Though admitting it puts me in lowbrow land, my preference in non-fiction reading to this point has favored memoirs, books aimed at self-improvement or, on middlebrow days, stuff about adult learning or psychology. I enjoy history and biographies but those are usually not at the top of my non-fiction queue. "Mornings on Horseback" (1981) by David McCullough could help change that.
McCullough is a well-regarded historian and this book about Teddy Roosevelt's early life helps explain why. Though it is meticulously researched (31 pages of end notes & an eleven page bibliography), it is highly readable. Because Roosevelt's family were faithful letter writers (McCullough estimates Teddy himself wrote 15,000 over his 60 years) and diarists, a reader is never far from actual words that tell a story of intense family love and unwavering loyalty. The post-Lincoln Republican party, NYC in the Tammany Hall era, and the most contested presidential contest in US history form the fascinating political backdrop.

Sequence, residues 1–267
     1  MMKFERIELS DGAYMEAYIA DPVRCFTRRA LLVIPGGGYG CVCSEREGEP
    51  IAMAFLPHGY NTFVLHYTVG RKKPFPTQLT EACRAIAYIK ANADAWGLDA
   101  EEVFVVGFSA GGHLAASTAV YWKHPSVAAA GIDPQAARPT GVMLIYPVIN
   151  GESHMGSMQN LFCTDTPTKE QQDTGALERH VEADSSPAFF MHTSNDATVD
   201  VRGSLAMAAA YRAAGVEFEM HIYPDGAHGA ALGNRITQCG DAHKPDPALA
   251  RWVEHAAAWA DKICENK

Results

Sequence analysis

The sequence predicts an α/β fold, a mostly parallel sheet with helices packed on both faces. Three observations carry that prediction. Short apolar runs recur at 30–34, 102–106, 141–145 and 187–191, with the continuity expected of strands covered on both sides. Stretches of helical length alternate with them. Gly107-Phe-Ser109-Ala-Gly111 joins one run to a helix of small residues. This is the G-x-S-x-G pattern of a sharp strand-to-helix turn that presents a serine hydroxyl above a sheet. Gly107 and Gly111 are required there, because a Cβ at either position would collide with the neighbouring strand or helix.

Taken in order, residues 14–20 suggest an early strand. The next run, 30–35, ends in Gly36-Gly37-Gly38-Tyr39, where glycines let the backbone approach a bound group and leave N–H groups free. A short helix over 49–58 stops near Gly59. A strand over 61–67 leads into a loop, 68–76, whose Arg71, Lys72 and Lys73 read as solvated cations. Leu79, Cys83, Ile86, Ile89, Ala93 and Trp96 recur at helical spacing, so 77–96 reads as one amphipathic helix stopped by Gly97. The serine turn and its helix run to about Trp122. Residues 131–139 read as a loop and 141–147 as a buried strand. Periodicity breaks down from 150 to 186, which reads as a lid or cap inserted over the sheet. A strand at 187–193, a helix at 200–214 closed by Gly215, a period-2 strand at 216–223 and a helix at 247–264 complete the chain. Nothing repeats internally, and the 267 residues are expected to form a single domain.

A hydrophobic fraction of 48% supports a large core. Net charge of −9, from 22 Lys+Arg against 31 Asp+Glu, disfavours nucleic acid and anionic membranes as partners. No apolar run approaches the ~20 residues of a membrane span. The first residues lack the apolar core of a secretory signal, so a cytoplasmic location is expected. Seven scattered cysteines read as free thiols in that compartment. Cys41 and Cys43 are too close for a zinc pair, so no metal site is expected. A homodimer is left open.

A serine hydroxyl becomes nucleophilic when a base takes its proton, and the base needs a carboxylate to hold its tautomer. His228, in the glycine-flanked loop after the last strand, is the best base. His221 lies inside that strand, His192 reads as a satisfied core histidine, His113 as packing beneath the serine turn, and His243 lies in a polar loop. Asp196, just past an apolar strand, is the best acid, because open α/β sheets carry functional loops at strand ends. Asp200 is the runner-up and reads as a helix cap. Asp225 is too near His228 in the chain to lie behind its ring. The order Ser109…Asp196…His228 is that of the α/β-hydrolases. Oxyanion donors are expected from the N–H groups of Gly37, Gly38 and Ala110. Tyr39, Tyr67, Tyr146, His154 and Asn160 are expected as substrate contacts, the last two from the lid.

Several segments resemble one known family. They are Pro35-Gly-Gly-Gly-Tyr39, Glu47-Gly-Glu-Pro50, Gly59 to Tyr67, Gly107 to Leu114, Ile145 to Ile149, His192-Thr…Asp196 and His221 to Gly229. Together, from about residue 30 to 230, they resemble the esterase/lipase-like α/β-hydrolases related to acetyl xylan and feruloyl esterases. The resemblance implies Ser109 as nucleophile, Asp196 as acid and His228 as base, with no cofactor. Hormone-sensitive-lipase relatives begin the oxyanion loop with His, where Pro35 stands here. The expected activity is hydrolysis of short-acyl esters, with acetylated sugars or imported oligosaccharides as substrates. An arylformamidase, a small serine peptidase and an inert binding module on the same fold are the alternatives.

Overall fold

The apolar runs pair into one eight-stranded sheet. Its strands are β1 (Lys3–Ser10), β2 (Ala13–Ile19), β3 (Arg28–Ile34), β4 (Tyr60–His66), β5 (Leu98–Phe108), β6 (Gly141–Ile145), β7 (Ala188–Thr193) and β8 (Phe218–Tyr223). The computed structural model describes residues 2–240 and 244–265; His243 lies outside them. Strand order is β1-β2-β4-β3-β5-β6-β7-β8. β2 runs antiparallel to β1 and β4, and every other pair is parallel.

What was the last book you finished and enjoyed that you would have been unlikely to choose on your own? For me, the top benefit to being in book clubs is being regularly exposed to gems like "Mornings on Horseback", a book this lowbrow would not have chosen.